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Approaching two hours in length, there's a near-certainty that Sacrum's "Criminal" will be a more time-consuming album than what you're normally used to. Even for progressive metal, bands rarely throw this much material under a single title, and when you consider the fact that this is an album without any of the genre's signature twenty minute epics to flesh out the length, one begins to wonder why they didn't simply opt to split it into two or three albums. What's really incredible about Sacrum's third album to date however, is the fact that this exceptional length does not define the experience of listening to it. Thanks to their dynamic approach, strong songwriting and openness to variety, "Criminal" is an album that keeps the listener engaged throughout. It may be cliché to say in a review, but “Criminal” has no filler to speak of. What we have here is a bold dive into the world of progressive metal and each of its many faces.
Sacrum bring a great diversity to their sound. Although they are rooted in the traditional progressive metal style modelled after Dream Theater canon, the band’s blend of melodic, electronic and heavy metal influences bring something relatively fresh to the ‘progressive’ formula. This variety is not so apparent on a song-by-song basis, but as the album progresses, there’s a gradual shift in style. With “Bautizame”, Sacrum introduce themselves as an atmospheric industrial metal hybrid, blending overtly danceable electronic rhythms with warm vocals (sung en Espanol) and chugging metal riffs. From there, Sacrum slowly lean towards a more traditional progressive metal sound as the album goes on, exchanging electronica soundcapes for guitar-induced atmosphere by the time the album is halfway through. The most noticeable (and sudden) change on “Criminal” is the shift from Spanish to English lyrics with the second disc of the album. Estanislao Silveyra is an excellent vocalist, and his voice suits both languages well, although the melodies are decidedly superior on the English half. This is less a cause of the language switch however, and more a result of the shift to a more traditional metal sound. On the album’s second half, Sacrum retain some of their electronic undertones, but it’s replaced in part with sounds one would more likely here on a progressive rock album. Sacrum get well-acquainted with Floydian ambiance on the English half, and when mixed with segments of Dream Theater-esque progressive riffs and rich power metal choruses, it becomes very apparent that Sacrum deserves the two hour investment.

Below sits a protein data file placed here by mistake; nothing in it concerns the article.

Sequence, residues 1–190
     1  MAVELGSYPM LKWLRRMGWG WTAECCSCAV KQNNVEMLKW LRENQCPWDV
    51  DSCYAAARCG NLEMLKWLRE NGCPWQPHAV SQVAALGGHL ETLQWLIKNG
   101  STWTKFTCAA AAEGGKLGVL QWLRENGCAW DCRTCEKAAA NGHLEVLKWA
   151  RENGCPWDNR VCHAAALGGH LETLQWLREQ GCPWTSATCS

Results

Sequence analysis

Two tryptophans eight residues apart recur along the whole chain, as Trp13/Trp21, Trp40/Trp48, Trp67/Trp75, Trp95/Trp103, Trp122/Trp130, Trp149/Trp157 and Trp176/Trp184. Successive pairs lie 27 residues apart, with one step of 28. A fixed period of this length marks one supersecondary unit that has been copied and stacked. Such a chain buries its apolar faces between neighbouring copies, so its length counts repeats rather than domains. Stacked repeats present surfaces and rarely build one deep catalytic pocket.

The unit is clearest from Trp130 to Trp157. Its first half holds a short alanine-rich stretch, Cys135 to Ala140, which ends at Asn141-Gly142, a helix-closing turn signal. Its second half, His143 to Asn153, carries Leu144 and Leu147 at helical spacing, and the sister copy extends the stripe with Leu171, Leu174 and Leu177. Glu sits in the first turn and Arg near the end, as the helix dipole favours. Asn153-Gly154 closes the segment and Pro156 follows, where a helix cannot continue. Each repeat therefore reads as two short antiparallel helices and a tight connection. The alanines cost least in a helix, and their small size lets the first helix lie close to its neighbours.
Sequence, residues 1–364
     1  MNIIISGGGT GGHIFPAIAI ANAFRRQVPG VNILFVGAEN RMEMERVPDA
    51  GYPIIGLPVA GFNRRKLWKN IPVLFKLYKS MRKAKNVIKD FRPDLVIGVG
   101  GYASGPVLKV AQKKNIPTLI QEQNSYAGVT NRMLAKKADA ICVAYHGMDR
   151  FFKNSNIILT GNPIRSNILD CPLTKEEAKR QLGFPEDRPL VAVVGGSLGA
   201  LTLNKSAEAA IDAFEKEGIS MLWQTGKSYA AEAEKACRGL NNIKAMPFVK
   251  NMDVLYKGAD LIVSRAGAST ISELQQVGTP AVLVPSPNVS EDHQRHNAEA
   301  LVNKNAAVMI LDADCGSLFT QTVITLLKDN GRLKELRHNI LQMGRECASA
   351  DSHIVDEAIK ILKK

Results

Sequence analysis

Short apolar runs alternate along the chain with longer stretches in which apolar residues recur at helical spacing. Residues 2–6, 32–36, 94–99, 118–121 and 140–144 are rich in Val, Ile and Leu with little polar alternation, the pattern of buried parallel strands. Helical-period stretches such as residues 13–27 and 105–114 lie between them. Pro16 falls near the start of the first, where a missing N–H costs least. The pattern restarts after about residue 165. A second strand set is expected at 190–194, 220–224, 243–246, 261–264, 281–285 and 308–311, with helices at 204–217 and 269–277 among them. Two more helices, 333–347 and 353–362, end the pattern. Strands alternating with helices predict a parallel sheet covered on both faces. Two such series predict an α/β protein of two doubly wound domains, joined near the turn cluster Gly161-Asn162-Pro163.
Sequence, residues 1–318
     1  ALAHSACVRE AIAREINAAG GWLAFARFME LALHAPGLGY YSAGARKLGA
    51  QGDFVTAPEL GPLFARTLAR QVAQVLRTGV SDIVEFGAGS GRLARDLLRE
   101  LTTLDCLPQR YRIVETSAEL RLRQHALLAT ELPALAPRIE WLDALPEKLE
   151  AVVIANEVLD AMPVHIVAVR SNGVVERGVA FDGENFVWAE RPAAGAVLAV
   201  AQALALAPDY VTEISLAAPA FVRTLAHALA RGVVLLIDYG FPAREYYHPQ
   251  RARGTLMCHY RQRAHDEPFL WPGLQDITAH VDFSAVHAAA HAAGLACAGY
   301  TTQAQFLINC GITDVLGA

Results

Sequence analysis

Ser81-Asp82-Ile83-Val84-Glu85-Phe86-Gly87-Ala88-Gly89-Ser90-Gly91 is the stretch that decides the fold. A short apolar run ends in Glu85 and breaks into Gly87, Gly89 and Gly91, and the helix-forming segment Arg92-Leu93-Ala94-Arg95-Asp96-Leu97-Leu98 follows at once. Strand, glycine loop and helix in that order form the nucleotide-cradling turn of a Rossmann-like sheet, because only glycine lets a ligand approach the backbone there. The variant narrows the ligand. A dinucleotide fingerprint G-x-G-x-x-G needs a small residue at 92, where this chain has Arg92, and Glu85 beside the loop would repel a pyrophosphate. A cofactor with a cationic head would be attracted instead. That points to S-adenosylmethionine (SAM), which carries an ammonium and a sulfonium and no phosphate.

Although some of the more straightforward metal riffs feel plain, “Criminal” enjoys a strong mix and production. Silveyra’s vocals are particularly memorable, and Martin Guerrero’s melodic lead work achieves a pleasantly soaring beauty in contrast to the aggressive riffs. Although it’s arguably the longest studio album I have come across this year, “Criminal” really doesn’t feel like it. Sacrum’s style stays fresh throughout; there is no sense here that the second half of the record is retracing the steps of the first, as is prone to happen with double albums. However, “Criminal” may have been best left as two albums nonetheless. Sporting some of the album’s best tracks like the single-worthy “One Minute of Rage” and the epic “Home”, the English half is arguably better, although in truth, it’s hard to choose between the two. “Criminal”s greatest strength is its consistency; you’re not likely to come across too many albums that toss this much material at you without slipping up at least once. In regards to their style, Sacrum’s riffs run a little close to the commonly-emulated style of Dream Theater at times, but taking into consideration the strong electronic element and quality of songwriting, Sacrum stand their ground.